Is there anything more rewarding than mentoring and supporting committed, enthusiastic, compassionate colleagues and seeing them grow and develop? It is perhaps the greatest gift we offer in Cairdeas and one of my personal privileges. The new BSc in palliative care has been long been a dream, had a tricky and demanding gestation. But finally we have our 'Degree for Africa' and the prospect of training many many future leaders for palliative care in Africa. Here is a truly inspiring group of palliative care colleagues. Some are part of the team from Hospice Africa Uganda and Makerere University who have developed and now teach this new Degree programme. The rest are some of our first group of 21 students who started year 1 in February. They come from Uganda, Kenya, Namibia, Malawi, Swaziland and Tanzania. We have mothers, poets, government workers, mission hospital staff; they speak different languages and come from different cultures; yet all have such a commitment to learn and to make a difference for the many many who are in need in their countries. They have completed an intense 4 weeks of face to face teaching and now have gone back to their own countries to work at a distance completing assignments and exams and then clinical placements. Those leaving after Year 1 with a pass will be awarded a Diploma and others will stay on till Years 2&3 to complete their BSc. We have a further 13 coming straight into Year 2 in August who already hold a relevant Diploma. What an exciting opportunity for all of us! Here are the 5 students from Malawi where palliative care developments go from strength to strength. Do you like our team tee-shirts? I think wee Hannah is a bit too young for now. Why do we need this Degree? The majority of those in need in sub-Saharan Africa who face life limiting illness with pain, distress, loneliness and financial desperation do not have access to help. Most will not be able to have even basic pain relief with oral morphine. Families will struggle without support. These students and all those they in turn will teach and train will help to make a difference; please pray for them.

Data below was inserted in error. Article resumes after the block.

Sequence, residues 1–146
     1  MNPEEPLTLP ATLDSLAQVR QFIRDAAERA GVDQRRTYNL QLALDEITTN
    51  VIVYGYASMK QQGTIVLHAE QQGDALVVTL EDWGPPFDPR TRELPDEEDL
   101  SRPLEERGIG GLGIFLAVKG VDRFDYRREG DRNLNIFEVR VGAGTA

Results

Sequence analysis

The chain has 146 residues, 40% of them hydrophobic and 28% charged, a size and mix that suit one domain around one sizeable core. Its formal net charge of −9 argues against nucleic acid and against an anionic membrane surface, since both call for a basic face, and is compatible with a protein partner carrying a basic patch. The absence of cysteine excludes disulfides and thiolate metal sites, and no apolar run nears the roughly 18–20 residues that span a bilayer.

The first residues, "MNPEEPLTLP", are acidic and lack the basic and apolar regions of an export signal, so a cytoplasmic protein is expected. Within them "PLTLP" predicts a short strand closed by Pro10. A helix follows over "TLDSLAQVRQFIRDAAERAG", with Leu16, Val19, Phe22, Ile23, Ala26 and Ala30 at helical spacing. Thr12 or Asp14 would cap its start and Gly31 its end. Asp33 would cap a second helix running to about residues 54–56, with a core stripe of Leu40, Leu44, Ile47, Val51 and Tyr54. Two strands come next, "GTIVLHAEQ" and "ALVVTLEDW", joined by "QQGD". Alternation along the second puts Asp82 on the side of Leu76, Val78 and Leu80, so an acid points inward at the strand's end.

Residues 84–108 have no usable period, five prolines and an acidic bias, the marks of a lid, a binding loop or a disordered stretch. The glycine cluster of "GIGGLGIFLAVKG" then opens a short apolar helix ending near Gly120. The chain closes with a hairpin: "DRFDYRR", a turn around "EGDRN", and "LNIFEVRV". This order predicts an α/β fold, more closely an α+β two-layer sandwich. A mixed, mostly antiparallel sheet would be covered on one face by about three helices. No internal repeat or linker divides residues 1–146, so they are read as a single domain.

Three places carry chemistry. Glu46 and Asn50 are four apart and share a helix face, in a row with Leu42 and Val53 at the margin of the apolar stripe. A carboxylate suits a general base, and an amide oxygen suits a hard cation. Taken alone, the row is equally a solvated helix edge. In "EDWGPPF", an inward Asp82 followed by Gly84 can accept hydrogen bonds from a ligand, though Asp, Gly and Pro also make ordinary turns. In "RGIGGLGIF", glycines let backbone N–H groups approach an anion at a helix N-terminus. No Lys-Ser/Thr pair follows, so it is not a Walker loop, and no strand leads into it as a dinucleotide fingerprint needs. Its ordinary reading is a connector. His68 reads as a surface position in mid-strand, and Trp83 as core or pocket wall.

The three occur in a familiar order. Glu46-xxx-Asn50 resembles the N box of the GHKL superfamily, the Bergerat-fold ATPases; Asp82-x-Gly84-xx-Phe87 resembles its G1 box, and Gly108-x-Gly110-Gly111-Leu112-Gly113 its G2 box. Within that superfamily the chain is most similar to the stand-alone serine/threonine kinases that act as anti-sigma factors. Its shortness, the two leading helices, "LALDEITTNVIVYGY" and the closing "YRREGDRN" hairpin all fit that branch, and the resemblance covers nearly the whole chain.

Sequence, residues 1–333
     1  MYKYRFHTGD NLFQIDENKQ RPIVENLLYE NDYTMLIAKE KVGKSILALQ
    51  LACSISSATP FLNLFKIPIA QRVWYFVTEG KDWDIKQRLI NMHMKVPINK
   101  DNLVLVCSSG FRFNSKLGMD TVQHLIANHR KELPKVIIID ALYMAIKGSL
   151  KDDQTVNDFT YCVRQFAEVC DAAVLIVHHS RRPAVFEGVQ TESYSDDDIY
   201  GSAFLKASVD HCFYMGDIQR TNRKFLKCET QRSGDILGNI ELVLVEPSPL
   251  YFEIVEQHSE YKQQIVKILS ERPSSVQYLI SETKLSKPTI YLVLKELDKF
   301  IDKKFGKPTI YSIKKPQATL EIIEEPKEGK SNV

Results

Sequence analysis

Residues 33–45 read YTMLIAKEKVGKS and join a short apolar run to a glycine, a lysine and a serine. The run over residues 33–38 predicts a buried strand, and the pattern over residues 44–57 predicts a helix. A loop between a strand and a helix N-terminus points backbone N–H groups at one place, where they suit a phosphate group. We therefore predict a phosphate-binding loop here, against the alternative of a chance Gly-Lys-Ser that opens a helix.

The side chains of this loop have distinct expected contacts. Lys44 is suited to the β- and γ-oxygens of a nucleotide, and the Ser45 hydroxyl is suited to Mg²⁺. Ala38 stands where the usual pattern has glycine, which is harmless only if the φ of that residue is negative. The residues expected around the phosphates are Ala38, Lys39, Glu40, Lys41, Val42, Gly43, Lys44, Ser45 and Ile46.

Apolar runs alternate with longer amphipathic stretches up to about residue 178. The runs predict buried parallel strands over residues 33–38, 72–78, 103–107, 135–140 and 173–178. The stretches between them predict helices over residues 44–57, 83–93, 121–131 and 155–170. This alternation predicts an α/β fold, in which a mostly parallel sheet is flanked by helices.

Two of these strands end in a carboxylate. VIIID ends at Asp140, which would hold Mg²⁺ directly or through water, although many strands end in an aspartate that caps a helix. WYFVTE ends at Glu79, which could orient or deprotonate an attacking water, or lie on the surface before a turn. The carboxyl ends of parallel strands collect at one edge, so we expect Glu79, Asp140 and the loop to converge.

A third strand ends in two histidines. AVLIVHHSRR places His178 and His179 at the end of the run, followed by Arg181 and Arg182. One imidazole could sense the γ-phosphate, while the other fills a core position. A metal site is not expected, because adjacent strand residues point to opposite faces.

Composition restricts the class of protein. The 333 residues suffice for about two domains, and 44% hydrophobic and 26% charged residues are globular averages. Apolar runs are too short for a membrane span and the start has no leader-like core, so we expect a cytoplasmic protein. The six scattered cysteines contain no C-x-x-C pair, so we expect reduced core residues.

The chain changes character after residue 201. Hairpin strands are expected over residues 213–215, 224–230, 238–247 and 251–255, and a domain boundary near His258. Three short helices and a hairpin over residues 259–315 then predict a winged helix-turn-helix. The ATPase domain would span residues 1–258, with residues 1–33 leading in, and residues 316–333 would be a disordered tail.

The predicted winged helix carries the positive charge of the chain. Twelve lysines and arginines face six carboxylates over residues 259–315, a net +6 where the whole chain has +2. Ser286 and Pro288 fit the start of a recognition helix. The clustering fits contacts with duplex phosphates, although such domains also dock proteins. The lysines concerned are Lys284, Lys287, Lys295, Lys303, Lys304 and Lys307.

One last visit for this post. I have not only the privilege of seeing students train but also to be able to support and offer expertise to more senior colleagues. A fascinating conference recently in Riyadh, Saudi Arabia brought together many from across the Arab world as well as international experts form the WHO, USA, UK, Europe and yours truly! This Initiative to Improve Cancer Care in the Arab World (IICCAW) had the ambitious aim of eliciting the current stare of services and planning and brining together a strategic planing process for the next 10 years. We worked hard and there were impressive results - now to put it into action. I was especially pleased to meet palliative care colleagues from Saudi Arabia, Jordan, Sudan, UAE, Qatar, and interested others from a wider field. Riyadh is a very different place; full of the usual warm open Arabic hospitality yet also seems a world apart. It is respectful for women to be covered in public so I had my first experience of wearing an abayah. Who would have thought!